FIG. 1 is a block diagram illustrating a delay locked loop (DLL) circuit according to the related art.

As shown, the DLL circuit according to the related art includes a phase comparator 103, a replica unit 105, a delay controller 107, and a delay line unit 109.

The phase comparator 103 compares a phase of an external clock EXT_CLK with a phase of a feedback clock FB_CLK outputted from the replica unit 105. Here, the feedback clock FB_CLK is a clock modeled based on a clock delay component in the semiconductor device. The phase comparator 103 compares the phases by determining a logical level of the feedback clock FB_CLK at a rising edge of the external clock EXT_CLK and outputs a comparison signal CMP to the delay controller 107.

The delay controller 107 receives the comparison signal CMP and outputs a delay control signal DELAY for controlling a delay value Dd of the delay line unit 109 by deciding increment or decrement of the delay value Dd. The delay line unit 109 receives the delay control signal DELAY, delays the external clock EXT_CLK, and outputs the delayed external clock DL_CLK.

The delayed external clock DL_CLK is fed back to the replica unit 105. The delayed external clock DL_CLK is inputted to the phase comparator 103 through the replica unit 105 as a feedback clock FB_CLK. Then, the phase comparator 103 compares phases again and the above described processes are repeated until the phase of the external clock EXT_CLK is matched with the phase of the feedback clock FB_CLK.

If the phases of the external clock and the feedback clock FB_CLK are matched, the delay value Dd of the external clock EXT_CLK is locked in the DLL circuit (locking).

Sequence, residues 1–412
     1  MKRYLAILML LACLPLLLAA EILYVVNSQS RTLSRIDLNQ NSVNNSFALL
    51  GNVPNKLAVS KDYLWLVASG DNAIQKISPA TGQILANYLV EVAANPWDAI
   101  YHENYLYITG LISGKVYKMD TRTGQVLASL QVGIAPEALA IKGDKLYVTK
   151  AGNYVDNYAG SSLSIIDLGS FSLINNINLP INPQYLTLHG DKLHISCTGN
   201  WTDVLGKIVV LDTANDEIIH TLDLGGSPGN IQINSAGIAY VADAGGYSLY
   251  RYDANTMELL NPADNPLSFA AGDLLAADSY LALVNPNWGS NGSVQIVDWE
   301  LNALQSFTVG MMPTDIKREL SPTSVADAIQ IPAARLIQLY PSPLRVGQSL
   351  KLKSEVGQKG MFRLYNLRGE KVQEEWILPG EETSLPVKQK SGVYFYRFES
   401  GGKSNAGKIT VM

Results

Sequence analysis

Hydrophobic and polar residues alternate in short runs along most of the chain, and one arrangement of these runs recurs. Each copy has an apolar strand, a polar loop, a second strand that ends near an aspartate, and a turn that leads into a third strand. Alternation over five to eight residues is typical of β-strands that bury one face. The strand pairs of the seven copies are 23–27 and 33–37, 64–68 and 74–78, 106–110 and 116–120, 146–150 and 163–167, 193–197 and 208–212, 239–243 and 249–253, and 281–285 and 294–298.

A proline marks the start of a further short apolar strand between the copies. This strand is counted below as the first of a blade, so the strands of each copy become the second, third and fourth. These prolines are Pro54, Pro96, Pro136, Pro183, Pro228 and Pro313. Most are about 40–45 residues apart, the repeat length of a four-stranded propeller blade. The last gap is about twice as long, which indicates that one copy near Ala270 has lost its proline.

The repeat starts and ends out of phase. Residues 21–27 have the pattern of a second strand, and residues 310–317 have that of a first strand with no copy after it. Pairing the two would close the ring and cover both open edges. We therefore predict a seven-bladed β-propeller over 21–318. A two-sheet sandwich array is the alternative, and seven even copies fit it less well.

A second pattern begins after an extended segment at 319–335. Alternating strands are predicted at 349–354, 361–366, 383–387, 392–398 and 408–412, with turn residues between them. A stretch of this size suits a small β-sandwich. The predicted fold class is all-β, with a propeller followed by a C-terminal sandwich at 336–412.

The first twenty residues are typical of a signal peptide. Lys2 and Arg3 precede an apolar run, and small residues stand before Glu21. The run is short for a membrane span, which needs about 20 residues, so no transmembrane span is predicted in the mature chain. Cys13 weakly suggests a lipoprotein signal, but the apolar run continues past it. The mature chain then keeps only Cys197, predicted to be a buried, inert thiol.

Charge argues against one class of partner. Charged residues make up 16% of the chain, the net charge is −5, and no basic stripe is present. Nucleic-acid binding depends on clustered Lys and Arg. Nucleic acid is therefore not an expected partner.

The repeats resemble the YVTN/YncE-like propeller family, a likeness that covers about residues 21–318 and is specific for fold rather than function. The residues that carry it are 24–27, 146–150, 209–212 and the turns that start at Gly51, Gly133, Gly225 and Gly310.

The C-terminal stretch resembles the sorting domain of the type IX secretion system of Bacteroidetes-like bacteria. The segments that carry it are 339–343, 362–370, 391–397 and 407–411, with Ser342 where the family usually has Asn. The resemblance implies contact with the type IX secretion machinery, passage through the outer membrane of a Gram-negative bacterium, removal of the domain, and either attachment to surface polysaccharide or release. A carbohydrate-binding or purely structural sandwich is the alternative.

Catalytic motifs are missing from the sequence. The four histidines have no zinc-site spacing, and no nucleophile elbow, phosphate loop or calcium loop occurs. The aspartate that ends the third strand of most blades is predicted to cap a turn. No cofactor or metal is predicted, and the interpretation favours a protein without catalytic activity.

As shown, the DLL circuit according to the related art may further include a mode generator 113. The mode generator 113 receives the comparison signal CMP of the phase comparator 103 and decides an increment amount of the delay value Dd of the external clock EXT_CLK which can be a large increment or small increment. For example, if the phase difference between the external clock EXT_CLK and the feedback clock FB_CLK is great, the mode generator 113 generates a mode signal MODE to greatly increase the delay value Dd so as to quickly lock the DLL circuit. That is, the mode signal MODE is a signal for deciding one of a first mode for greatly increasing the delay value and a second mode for not greatly increasing the delay value.

The mode generator 113 also determines whether the DLL circuit is locked or not. For example, the mode generator 113 determines that the DLL circuit is locked if the phase comparator 103 alternatively outputs a high level comparison signal CMP and a low level comparison signal CMP. That is, if a ban bang error is generated, the mode generator 113 determines that the DLL circuit is locked. Since it is difficult to precisely match phases when the delay value Dd is digitally controlled, the phase comparator 103 may generate the bang bang error. If the delay value of the external clock EXT_CLK is locked in the DLL circuit, the mode generator 113 enables a locking signal LOCK and outputs the enabled locking signal LOCK.

The locking processes are stably controlled by the pulse generator 115 at the DLL circuit. FIG. 2 is a diagram illustrating a pulse signal of the pulse generator 115.

Referring to FIG. 2, the pulse generator 115 generates a plurality of pulse signals that are synchronized with the external clock EXT_CLK and have a regular period. The pulse signal of the pulse generator 115 sequentially enables each part of the DLL circuit.

That is, the pulse signal of the pulse generator 115 sequentially enables the phase comparator 103, the mode generator 113, and the delay controller 107 according to the locking processes. The pulse signal of the pulse generator 115 may be referred to as an enable signal of each element of the DLL circuit. The phase comparator 103 operates in response to a phase comparison enable signal PD_EN. The mode generator 113 operates in response to a mode enable signal MODE_EN and the delay controller 107 also operates in response to a delay control signal DELAY EN.